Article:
Aducanumab (Aduhelm™) has been approved as a treatment for Alzheimer’s by the U.S. Food and Drug Administration (FDA). This is the first FDA-approved therapy to potentially delay decline from the disease, compared to current medications that only address symptoms.
It is also the first therapy to demonstrate that removing amyloid from the brain may delay decline in people living with Alzheimer’s. Approval of this therapy underscores the importance of early detection and diagnosis to ensure individuals receive the most benefit as soon as possible.
The historic approval of aducanumab ushers in an exciting era in Alzheimer’s and dementia treatment and research. Approvals of the first drug in a new category benefit people living with the disease by invigorating the field, increasing investments in treatents and generating innovation.
Is aducanumab a cure for Alzheimer’s and all other dementia?
Aduhelm — the branded drug from Biogen — is not a cure but is a very important advance for treatment. In clinical trials, it slowed the rate of cognitive and functional decline. This could mean more time for individuals to actively participate in daily life, have sustained independence and hold on to memories longer.
Aducanumab was studied in people living with early Alzheimer’s disease and mild cognitive impairment (MCI) due to Alzheimer’s who showed evidence of a buildup of amyloid plaques in the brain. The therapy has not yet been tested on people with more advanced cases of dementia.
Will this drug restore memories or cognitive function that has been lost?
There is no evidence that aducanumab can restore lost memories or cognitive function.
What is mild cognitive impairment?
Mild cognitive impairment (MCI) is an early stage of memory loss or other cognitive ability loss in individuals who maintain the ability to independently perform most activities of daily living.
How do I receive the Biogen treatment?
If you or a loved one is experiencing memory changes, the Alzheimer’s Association strongly encourages speaking with a health care provider for a thorough evaluation and diagnosis. Aducanumab may be a treatment option.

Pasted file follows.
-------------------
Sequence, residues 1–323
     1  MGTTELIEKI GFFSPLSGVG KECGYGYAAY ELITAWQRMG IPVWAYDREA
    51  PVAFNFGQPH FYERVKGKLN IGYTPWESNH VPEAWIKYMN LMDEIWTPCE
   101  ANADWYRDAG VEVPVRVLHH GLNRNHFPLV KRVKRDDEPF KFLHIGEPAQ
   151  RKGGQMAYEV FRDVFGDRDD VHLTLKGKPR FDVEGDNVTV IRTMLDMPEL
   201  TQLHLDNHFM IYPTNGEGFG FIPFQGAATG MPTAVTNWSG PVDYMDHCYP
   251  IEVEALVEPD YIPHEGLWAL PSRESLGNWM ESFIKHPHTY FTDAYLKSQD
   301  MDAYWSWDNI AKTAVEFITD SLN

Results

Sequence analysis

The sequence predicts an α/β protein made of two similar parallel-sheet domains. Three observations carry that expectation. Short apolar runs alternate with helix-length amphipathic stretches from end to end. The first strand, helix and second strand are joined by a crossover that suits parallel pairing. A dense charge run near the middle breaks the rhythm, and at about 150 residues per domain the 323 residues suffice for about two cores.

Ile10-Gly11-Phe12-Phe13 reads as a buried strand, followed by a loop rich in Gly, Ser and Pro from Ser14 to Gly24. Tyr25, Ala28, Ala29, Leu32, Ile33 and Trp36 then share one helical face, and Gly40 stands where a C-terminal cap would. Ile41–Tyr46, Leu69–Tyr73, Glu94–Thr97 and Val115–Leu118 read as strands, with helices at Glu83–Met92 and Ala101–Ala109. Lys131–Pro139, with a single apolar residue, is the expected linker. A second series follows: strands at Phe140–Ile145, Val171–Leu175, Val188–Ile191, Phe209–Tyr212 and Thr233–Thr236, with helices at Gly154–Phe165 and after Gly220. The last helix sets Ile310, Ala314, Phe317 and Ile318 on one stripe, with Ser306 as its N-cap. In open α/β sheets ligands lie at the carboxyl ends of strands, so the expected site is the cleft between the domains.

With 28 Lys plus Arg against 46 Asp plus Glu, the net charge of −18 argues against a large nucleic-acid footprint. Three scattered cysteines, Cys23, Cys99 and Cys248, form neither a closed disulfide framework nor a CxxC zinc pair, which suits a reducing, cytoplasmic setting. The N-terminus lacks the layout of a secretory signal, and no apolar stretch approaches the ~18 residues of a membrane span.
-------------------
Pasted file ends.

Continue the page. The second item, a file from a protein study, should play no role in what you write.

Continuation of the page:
How is this drug administered?
Aducanumab is administered intravenously (IV) via a 45- to 60-minute infusion every 4 weeks. Infusion can be done at hospitals or infusion therapy centers, and can even be administered at a person’s home by specialized nurses.
When will it be available at my doctor?
Now that Aduhelm is approved, the manufacturer will need some time to ramp up large-scale production and arrange for nationwide — even global — distribution.
What are the side effects?
In clinical trials, the most common side effects were ARIA-E (abnormal brain changes associated with anti-amyloid treatments — most often swelling in the brain — that are spotted with neuroimaging techniques like MRI), headache, ARIA-H (micro hemorrhage/superficial siderosis) and fall.
Can I take this drug with my other medications/supplements?
When considering any treatment, including aducanumab, it is important to have a conversation with your health care provider to ensure you are a candidate for the treatment. This includes taking into account other health conditions, medications or supplements.
How will COVID-19 impact my ability to get this treatment?
Throughout the pandemic, our health care systems have adapted. People have continued to receive treatments, including infusions such as chemotherapy, with extra precautions such as social distancing and wearing a mask. Talk to your doctor to find out if aducanumab is right for you or a loved one, and discuss a plan to identify extra precautions for COVID safety.
It's a new day in the fight to end Alzheimer's
Approval of aducanumab is a milestone in the treatment of Alzheimer's. Current progress in science is significant, and we expect this will be the first of a number of treatments to come. Learn more.
ALZ Talks: New Advancements in Alzheimer’s Treatments
Join us on June 24 for a 30-minute webinar about aducanumab. Association experts will review what the drug is, how it is administered, what can be expected, who is eligible to receive it and steps for accessing the treatment.